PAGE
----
Return to Work – Back Problems, Back Solutions – Back to the Basics

By Bob Cogburn, Vocational Rehabilitation Specialist

By Bob Cogburn,
Vocational Rehabilitation Specialist

In a CDC study, 47.5 million U.S. adults (21.8%) reported having a disability. Arthritis or rheumatism are the most common disabilities, and back or spine problems run a close second.

The older we get, the more susceptible we are to back injuries. With more Americans delaying retirement, well, you get the idea.

As disability managers, what do we do when a 50-something employee submits a back claim? I certainly don’t have all the answers, but here are three tips I’ve found helpful: 1. Understand the likely course of treatment. 2. Learn to anticipate return-to-work opportunities. 3. Manage the injured worker’s expectations.

Most back pain is caused by soft tissue strain. At an older age, just a minor twisting motion can over-stretch a low-back muscle, and there you go! Fortunately, back pain originating in soft tissue responds well to conservative, nonsurgical treatment.

Look for the treating doctor to start with non-steroidal, anti-inflammatory medications, like ibuprofen. Then, expect heat or cold therapy to increase circulation and reduce swelling.

Physical therapy (PT) will likely be part of the treatment mix. It’s good for stretching muscle groups and preventing spasms. The PT specialist will usually introduce specific exercises to strengthen weak back muscles. This is when we can get a modified duty release and allow PT trips while continuing employment – no problem!

Your vocational case manager can spot the good progress, such as lifting going from 20 lbs to 45 lbs during PT sessions. Then, he or she will update the treating doctor. The next thing you know, we have a work release, and we’re off to the races.

Many back patients, especially older ones, have minimal experience with fitness training. That may be why they hurt their backs in the first place. People respond to different methods of treatment with different motivation.  Some respond well to “sports medicine,” while others plead for chronic pain management, or both.  It is critical that we manage the injured worker’s expectations.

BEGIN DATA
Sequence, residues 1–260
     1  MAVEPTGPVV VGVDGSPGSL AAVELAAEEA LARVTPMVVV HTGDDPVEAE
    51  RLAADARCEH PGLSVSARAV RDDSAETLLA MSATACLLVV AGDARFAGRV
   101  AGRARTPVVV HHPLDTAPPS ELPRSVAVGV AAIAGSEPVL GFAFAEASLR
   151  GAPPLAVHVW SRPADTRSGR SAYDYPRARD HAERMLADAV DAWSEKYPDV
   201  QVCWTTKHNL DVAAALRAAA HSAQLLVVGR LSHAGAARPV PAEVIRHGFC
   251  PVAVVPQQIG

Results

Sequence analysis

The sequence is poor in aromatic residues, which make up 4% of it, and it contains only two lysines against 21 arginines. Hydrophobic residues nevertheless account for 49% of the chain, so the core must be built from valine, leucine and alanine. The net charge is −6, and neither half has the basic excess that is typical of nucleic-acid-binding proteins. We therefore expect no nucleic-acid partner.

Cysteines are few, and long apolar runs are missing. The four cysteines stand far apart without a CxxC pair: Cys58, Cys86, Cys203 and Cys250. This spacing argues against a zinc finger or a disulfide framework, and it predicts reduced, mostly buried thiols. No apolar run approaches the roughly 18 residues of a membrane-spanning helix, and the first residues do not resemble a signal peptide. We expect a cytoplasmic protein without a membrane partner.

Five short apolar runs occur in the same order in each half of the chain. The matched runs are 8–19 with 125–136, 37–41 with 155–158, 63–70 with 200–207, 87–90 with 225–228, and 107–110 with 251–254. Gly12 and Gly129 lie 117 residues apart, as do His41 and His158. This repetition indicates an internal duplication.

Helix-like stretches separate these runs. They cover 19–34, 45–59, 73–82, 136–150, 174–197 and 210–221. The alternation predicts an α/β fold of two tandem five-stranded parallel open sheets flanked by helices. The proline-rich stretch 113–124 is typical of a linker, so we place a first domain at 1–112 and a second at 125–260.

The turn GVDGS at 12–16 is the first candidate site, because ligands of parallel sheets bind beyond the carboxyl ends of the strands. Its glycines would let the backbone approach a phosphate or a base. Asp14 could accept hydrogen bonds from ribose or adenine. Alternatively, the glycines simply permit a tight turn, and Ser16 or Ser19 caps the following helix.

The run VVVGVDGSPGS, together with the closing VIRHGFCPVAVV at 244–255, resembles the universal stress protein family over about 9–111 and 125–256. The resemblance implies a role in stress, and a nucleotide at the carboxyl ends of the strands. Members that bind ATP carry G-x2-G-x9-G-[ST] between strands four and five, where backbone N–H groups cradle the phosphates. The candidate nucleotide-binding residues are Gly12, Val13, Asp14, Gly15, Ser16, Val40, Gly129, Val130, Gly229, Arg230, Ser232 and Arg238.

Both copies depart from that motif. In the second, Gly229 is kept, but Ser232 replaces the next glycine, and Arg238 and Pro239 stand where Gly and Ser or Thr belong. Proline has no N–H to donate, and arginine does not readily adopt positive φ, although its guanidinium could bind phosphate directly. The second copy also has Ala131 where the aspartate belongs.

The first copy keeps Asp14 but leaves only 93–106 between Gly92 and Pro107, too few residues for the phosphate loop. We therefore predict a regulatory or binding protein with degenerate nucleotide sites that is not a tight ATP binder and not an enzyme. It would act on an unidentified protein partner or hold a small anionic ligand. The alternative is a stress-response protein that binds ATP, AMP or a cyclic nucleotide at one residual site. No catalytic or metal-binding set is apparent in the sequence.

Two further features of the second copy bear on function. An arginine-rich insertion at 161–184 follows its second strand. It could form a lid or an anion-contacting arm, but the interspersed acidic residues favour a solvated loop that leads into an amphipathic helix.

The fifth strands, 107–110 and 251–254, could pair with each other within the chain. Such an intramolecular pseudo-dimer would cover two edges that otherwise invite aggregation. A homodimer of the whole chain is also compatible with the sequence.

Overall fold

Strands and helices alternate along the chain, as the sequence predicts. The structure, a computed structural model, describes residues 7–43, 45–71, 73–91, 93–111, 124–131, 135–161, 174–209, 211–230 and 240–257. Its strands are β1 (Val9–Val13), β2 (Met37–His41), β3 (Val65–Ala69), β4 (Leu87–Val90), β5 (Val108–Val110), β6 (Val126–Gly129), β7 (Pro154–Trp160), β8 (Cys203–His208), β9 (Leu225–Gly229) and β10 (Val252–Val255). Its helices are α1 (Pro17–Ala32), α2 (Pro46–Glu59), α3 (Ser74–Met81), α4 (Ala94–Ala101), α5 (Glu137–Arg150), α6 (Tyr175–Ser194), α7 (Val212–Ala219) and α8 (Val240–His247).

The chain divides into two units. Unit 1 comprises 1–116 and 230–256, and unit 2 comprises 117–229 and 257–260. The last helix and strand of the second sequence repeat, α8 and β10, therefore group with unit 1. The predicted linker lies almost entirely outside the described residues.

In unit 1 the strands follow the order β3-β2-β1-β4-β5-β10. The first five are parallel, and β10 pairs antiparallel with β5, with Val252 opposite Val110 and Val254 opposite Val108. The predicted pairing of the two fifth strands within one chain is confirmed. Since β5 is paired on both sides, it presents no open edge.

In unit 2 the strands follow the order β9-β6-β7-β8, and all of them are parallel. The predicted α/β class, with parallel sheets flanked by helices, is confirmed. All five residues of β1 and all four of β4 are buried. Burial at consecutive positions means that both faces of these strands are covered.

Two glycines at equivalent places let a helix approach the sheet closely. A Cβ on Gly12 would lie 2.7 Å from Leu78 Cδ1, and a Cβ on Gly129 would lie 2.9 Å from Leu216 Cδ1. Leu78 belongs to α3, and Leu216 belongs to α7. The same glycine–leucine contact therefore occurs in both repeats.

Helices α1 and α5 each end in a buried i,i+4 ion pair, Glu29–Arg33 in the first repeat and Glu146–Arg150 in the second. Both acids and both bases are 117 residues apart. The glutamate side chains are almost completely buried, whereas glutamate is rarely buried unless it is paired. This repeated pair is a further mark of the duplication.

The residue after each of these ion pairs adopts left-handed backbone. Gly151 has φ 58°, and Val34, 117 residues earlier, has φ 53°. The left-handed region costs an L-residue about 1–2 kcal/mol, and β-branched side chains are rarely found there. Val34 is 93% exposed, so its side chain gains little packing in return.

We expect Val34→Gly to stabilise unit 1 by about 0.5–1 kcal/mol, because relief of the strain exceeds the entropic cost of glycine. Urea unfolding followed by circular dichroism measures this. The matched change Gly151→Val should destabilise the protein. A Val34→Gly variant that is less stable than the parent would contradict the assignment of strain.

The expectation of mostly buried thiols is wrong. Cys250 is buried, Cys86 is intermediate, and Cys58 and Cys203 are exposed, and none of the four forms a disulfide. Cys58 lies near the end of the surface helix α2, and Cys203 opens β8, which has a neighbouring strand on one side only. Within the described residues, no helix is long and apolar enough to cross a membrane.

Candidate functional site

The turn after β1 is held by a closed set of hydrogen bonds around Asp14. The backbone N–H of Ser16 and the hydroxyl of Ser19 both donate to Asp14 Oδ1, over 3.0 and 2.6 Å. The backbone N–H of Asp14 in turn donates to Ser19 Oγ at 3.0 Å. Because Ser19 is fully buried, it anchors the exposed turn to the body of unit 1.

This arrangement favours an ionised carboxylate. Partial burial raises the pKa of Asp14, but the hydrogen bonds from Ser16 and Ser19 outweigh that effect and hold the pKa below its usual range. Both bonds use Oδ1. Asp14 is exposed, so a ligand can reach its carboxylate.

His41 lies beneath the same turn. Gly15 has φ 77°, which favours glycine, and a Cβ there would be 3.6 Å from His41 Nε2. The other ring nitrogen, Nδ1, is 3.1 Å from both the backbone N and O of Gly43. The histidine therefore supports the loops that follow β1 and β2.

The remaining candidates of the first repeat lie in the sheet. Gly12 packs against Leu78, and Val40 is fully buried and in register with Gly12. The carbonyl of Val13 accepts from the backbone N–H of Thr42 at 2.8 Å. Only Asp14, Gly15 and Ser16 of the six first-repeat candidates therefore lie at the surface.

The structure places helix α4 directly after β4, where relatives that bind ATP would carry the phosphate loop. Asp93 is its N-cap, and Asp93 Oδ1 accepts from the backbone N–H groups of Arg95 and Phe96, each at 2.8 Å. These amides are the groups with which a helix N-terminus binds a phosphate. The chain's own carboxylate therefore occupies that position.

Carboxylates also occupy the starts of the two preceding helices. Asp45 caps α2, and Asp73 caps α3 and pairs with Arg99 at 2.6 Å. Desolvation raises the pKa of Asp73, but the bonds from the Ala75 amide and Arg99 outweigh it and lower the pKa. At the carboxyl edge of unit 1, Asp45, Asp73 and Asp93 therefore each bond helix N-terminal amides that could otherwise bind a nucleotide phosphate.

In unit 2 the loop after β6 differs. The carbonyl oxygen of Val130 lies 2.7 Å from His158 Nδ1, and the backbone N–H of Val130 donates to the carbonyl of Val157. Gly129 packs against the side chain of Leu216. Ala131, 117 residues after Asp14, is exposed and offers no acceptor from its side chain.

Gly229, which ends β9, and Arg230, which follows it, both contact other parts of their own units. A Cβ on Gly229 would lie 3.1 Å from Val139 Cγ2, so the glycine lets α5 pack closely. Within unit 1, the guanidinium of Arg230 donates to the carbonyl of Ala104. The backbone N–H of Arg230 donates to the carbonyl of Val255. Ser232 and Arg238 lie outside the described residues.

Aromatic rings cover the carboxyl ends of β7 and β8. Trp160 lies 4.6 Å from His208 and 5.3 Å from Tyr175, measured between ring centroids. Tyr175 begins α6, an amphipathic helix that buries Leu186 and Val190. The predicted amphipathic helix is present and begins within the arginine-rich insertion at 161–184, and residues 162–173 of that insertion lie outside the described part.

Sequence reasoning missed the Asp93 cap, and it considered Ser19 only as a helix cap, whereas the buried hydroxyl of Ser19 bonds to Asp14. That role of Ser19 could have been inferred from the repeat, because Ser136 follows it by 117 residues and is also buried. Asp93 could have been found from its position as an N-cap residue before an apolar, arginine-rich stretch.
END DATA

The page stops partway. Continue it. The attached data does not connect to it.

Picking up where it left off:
In other words, do not promise to get them pain-free and back to their pre-injury condition. If you do, you’re setting them up for failure and yourself up for a large-loss claim.

On the other hand, if you, your employee and vocational case manager establish a new level of functioning, of learning to cope with limitations and discomfort, you’re on your way to successful RTW. Keep the emphasis on functional capacity instead of symptomatic complaints.

There’s more to learn about back pain. Let’s talk!

About the author

Bob Cogburn has nearly 25 years’ experience in vocational case management. Since 1997, he has been helping injured workers covered by a Texas Mutual policy rehabilitate and return to productive employment. Prior to joining Texas Mutual, Bob served as a vocational rehabilitation counselor for the Department of Assistive Rehabilitation Services. He also spent time as a job placement counselor for Goodwill Industries and El Centro College. At El Centro, he managed a job club specializing in placing students with disabilities back into the workplace. Bob holds a bachelor’s in rehabilitation science from the University of Texas Health Science Center and a master’s in counseling from Amberton University.

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